In the wake of George Floyd’s tragic death, there has been a renewed focus on the social obligation we all share to educate ourselves of the ills of systemic racism. Books tackling race relations and racial inequality have dominated best-seller lists across the globe in recent weeks, and information about the Black Lives Matter movement and instances of police brutality have spread across social media like wildfire. The bold front cover page of Reni Eddo-Lodge’s book Why I’m No Longer Talking to White People About Race has become instantly recognisable – ‘marketing gold’ in the current climate, according to one literary reviewer from The Times. It was in the spirit of educating myself – with a particular interest in Britain’s problematic racial history – that I began reading.
Why I’m No Longer Talking to White People About Race is, in essence, an expose of structural racism in Britain. It contains seven essays – both self-contained and inter-connected – that tackle topics from white privilege, fear of immigrants and the intersectionality between race, gender and class. The first essay – ‘Histories’ – functions as an illuminating synopsis of the struggle faced by black people in Britain over the last half a millennium. It is a tale of slavery, lynchings and police brutality. Eddo-Lodge writes in an angry, passionate and stark manner, from the perspective of an individual who has both experienced and intensely studied her topic.
As a white, anti-racist reader, I found the book particularly challenging in that it asked me to come to terms with my complicity in a racially unequal social structure. Eddo-Lodge’s argument is that maintaining anti-racist sentiment is not enough, and that white people should first come to terms with their unrealised biases and prejudices, using this moment of realisation as a launching-point for enacting future change. It is uneasy to read something that plainly accuses you (as reader) of wrong, but the bold and accusatory nature of the text is one of its main strengths.
The author’s explanation of ‘white privilege’ really stood out to me. She describes it as an ‘absence’ – not something to be gained, but something that white people are fortunate to live without.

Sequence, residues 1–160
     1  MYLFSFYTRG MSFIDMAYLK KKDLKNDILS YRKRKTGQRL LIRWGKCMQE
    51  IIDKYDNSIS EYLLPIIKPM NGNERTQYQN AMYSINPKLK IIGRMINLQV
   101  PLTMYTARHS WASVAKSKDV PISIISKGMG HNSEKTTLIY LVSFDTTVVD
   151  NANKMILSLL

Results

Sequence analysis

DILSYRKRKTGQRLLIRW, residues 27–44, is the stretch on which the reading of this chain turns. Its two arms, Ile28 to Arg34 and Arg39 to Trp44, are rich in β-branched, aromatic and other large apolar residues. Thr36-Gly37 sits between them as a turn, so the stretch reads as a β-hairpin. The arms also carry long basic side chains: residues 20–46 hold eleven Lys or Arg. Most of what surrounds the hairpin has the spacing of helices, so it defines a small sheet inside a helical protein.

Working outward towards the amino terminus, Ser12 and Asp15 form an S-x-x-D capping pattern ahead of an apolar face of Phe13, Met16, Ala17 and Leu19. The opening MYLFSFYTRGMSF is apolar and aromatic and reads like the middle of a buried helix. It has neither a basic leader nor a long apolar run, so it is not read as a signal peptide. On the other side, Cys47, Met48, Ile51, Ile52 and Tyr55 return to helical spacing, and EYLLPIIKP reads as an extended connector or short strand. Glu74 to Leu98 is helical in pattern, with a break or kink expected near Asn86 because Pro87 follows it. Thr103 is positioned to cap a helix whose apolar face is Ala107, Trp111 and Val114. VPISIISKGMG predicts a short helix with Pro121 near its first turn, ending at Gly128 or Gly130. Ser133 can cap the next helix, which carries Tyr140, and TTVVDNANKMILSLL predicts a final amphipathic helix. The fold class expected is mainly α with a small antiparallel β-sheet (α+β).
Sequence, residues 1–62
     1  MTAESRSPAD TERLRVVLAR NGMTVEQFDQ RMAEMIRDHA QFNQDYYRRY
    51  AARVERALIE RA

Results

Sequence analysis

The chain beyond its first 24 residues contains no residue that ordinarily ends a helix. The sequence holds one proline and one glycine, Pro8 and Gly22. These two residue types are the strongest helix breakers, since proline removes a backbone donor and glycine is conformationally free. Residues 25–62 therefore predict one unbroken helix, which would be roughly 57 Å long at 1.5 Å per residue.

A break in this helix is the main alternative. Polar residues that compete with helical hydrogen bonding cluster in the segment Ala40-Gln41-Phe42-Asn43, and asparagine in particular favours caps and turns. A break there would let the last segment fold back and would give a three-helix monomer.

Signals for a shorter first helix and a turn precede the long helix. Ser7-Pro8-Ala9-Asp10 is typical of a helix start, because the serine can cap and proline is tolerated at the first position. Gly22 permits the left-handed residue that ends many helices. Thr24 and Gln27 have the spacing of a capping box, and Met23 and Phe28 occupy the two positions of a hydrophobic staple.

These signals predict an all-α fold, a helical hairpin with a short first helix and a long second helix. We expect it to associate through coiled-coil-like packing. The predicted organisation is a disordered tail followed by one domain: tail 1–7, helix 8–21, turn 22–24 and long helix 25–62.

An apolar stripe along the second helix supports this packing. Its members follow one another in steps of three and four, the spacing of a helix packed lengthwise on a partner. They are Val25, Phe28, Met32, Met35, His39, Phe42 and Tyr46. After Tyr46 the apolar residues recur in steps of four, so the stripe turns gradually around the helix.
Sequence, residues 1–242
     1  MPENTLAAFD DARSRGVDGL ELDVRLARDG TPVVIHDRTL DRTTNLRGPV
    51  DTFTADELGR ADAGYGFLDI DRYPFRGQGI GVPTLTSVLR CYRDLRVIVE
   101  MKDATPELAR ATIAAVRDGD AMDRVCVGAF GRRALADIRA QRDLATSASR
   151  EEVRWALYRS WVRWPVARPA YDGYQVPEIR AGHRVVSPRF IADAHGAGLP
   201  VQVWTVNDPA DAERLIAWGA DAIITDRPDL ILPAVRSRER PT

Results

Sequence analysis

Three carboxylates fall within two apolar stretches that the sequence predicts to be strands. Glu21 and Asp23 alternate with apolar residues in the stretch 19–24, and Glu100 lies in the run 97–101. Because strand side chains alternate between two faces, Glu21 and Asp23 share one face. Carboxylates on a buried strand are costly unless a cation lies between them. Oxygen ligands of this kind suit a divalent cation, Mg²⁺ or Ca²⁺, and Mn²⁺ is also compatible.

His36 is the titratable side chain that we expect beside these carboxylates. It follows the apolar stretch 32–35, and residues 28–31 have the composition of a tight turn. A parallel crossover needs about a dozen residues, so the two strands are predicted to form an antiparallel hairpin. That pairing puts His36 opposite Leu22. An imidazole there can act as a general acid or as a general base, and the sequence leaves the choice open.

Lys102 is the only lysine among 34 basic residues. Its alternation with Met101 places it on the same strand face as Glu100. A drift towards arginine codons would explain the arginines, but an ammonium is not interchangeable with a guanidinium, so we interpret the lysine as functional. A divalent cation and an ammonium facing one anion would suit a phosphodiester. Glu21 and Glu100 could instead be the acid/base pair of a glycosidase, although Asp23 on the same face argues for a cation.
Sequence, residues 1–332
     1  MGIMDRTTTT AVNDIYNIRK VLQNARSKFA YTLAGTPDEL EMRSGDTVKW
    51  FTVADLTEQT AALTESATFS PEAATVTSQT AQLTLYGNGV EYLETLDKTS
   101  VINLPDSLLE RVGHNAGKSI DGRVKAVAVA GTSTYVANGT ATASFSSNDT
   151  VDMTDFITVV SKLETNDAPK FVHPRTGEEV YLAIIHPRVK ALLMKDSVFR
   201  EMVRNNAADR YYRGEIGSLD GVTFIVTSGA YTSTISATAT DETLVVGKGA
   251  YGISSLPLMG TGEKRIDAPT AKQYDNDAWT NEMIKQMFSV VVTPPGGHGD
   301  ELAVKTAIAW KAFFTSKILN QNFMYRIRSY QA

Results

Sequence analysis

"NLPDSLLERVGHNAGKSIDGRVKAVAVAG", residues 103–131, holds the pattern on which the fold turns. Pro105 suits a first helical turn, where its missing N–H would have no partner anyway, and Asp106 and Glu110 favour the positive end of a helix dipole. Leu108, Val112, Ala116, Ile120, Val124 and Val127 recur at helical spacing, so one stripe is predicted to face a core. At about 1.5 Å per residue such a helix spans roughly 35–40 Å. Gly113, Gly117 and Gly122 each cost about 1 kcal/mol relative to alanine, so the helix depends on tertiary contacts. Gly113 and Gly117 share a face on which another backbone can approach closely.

“White privilege is an absence of the consequences of racism. An absence of structural discrimination, an absence of your race being viewed as a problem first and foremost.”
After all, there are millions of disadvantaged, working-class people in Britain who face poverty and deal with social inequality. But they can be confident that their race will not negatively affect them in the same way. The figures are startling and shocking: ‘According to the Department of Education, a black schoolboy in England is three times more likely to be excluded than the rest of the population’; ‘between 2012 and 2013, the highest proportion of UK students to receive the lowest degree-ranking… was among black students, with the lowest proportion being white students; research shows that individuals with white British-sounding names are more likely to be called back for interviews than those with African or Asian-sounding names, despite having similar skill-sets, education and work histories.
Eddo-Lodge’s diatribe against structural racism concludes by suggesting that the burden should not be carried by black people in purging racism from our institutions, but that the white British population should take up the mantle and spread anti-racist ideology, whether in the workplace, the streets or in the home. She contends that rage is more powerful than guilt, and so her final message to readers is: ‘get angry’.